There’s now a new look, a new designation, and a new page in Shell Norco’s history as the Norco Manufacturing Complex has transitioned to Shell Energy and Chemicals Park Norco – the only such site in the United States.
New signage is now up along the River Road Main Gate entrance, and recently Shell’s agreement to support Henkel in the use of renewable based surfactants in the manufacture of laundry products was announced.
General Manager Tammy Little said the site’s new name reflects Norco’s refining-chemical integration and emerging capabilities in line with enabling production of lower carbon fuels and chemicals.
“New renewable chemical production will now go along with existing production from circular plastic waste and further illustrates our shift to a greater customer focus in recent years,” she said. “We are leading Shell in this journey. It’s fun to be the first. We’re proud to be a part of this community and want to continue to be a part of this community and provide solutions for a long time to come.”
Executive Vice President for Shell Chemicals and Products Robin Mooldijk said this agreement represents Shell’s first-of-its-kind commercial scale deal for renewable-based chemicals anywhere in the world.
“I’m pleased to be working with Henkel and helping it take important steps towards achieving sustainability goals,” he said.
Henkel and Shell Chemical LP have agreed to a five-year collaboration to replace up to 200,000 tonnes of fossil feedstocks used in the manufacture of surfactants with feedstocks that are based on renewable raw materials. The renewable-based surfactants will be used in Henkel’s laundry product brands, including many varieties of Persil®, Purex® and all® brands.
“This landmark cooperation significantly advances Henkel’s share of renewable-based ingredients in leading consumer brands in North America,” Chief Sustainability Officer at Henkel Ulrike Sapiro said. “This is an important, concrete step toward realizing our vision of a regenerative planet through a climate-friendly business model. Working together with partners like Shell will help get us there faster.”
Shell estimates that replacing up to 200,000 tonnes of fossil feedstocks with renewable feedstocks has the potential to reduce greenhouse gas emissions by up to 120,000 tonnes of CO2e over the length of the five-year agreement.
Starting in 2023, up to 200,000 tonnes of renewable feedstocks will be used by Shell during a combined manufacturing process (along with fossil feedstocks) to produce surfactants. Using the mass balance approach, an independent accounting process will be applied that will enable Shell to attribute the total tonnes of renewable feedstocks used in the process solely to Henkel.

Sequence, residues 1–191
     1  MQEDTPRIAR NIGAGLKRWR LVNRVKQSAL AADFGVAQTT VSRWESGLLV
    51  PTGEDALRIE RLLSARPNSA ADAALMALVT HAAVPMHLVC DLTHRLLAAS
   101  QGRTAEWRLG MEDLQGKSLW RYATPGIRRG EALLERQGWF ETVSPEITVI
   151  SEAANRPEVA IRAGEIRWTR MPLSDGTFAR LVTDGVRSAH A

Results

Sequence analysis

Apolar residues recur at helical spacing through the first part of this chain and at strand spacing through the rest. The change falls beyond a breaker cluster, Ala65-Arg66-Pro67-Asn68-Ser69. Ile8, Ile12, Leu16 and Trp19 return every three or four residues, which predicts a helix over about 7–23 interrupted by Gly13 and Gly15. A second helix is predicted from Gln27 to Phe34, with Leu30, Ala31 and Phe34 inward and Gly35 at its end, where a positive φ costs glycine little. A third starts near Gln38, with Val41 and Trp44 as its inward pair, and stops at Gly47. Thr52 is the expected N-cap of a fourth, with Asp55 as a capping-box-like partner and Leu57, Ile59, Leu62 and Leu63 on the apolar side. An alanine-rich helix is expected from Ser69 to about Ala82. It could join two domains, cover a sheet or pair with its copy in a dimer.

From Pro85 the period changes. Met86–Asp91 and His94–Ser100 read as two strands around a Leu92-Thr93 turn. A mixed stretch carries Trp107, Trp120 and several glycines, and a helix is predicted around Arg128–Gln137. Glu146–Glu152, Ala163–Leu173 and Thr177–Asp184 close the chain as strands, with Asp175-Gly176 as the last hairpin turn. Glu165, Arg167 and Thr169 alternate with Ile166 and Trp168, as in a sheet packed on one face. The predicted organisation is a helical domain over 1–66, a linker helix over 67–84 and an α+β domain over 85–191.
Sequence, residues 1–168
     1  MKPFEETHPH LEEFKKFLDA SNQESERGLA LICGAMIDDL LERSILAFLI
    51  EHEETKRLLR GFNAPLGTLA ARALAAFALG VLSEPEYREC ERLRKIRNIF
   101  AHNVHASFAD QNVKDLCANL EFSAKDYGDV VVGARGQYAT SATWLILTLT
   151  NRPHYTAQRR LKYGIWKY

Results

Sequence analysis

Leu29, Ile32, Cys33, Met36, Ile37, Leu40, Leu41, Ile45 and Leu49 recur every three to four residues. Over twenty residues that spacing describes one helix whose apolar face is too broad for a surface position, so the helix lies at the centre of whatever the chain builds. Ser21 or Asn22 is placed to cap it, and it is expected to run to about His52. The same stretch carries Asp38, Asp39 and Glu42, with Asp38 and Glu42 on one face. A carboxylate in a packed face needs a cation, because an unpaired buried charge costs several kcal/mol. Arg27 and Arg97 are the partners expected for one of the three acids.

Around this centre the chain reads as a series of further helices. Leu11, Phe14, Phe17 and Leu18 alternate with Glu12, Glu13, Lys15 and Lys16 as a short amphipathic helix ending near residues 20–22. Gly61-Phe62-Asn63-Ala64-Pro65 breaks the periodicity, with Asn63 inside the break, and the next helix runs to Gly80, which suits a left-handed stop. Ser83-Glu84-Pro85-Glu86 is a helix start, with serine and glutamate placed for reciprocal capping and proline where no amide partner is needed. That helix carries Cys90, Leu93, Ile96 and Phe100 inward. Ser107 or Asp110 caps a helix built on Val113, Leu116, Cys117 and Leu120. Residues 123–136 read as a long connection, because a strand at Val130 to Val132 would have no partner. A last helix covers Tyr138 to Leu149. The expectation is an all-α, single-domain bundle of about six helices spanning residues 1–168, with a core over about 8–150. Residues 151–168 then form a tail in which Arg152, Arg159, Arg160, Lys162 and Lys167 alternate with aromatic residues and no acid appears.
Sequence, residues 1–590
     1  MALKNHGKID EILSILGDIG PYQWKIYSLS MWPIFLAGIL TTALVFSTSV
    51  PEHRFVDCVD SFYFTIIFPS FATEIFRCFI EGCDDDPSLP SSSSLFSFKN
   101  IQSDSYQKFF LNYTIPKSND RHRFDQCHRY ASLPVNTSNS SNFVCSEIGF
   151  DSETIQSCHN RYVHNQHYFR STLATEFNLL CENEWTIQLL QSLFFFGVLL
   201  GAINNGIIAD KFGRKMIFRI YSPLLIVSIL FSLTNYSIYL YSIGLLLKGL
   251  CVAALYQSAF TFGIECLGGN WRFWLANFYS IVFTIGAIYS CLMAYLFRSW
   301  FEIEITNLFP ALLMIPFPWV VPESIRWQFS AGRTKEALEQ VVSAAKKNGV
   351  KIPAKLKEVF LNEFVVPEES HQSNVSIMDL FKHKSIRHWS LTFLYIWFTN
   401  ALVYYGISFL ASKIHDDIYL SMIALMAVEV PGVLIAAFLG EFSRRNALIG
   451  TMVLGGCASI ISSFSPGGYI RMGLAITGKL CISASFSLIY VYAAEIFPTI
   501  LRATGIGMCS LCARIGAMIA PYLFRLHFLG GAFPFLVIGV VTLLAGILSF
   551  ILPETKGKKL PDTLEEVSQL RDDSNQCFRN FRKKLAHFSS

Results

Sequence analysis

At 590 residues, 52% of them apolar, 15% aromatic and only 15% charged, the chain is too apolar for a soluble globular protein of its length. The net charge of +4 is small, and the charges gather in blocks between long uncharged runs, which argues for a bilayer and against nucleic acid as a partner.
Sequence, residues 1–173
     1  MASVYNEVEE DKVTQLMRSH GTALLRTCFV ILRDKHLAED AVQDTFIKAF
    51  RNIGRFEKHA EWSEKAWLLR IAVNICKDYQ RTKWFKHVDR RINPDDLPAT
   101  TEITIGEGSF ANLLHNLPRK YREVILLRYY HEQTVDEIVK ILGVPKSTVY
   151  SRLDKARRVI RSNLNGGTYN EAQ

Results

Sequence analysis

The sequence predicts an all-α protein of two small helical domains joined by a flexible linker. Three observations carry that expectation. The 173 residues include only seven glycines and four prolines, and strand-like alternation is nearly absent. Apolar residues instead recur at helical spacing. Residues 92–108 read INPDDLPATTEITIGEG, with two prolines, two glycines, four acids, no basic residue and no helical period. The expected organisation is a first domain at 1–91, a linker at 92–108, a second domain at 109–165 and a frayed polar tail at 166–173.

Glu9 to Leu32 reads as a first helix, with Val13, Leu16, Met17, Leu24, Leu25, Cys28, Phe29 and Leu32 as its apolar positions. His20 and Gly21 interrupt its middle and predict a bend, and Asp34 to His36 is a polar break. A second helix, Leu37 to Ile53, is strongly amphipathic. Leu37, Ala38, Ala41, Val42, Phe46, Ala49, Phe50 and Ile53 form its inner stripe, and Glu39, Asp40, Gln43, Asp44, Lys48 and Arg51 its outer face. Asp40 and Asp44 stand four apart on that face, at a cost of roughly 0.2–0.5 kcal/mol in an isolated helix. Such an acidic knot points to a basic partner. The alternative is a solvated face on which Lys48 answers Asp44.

“A mass balance approach is an important step to support the growth of more sustainable raw materials being used in the supply chain and support a reduction in the overall mix of fossil-based ingredients,” Vice President of Sustainability & Industry Relations for Henkel Jillaine Dellis said. “We are delighted to enhance the sustainability of our top-selling consumer brands in North America through this transition.”
The surfactants will be produced at the Shell Energy and Chemicals Park Norco and Shell Geismar Chemicals facility in Louisiana. Shell will use independently certified sustainable feedstocks.
Mooldijk said the collaboration with Henkel is a fantastic example of the opportunity for future growth.
“We are investing in our chemicals facilities, including on the U.S. Gulf Coast, to scale up Shell’s sustainable chemicals capabilities and deliver the integrated and sustainable offers our customers increasingly want,” he said.
Little added that no jobs were lost or added considering the announcement.
“We know that there are a lot of changes coming in terms of the energy transition,” she said. “We were able to uncover with the nature of the asset that we have some really great connectivity to be able to bring in circular feedstocks and renewable feedstocks.”
Little said the engineers and operators at Shell were integral in investigating the renewable feedstock capabilities and applications.
“We’re at the frontier of what is possible when we think about how we can continue to make the same products that make modern life possible … the basic functions of fueling up your car and the materials that go into your house and the fibers that are in your clothes … and how might we make it in a very different way that is in harmony and unison with the environment,” Little said. “I am just so proud of the people here and their willingness to embrace new things and reimagine what is possible.”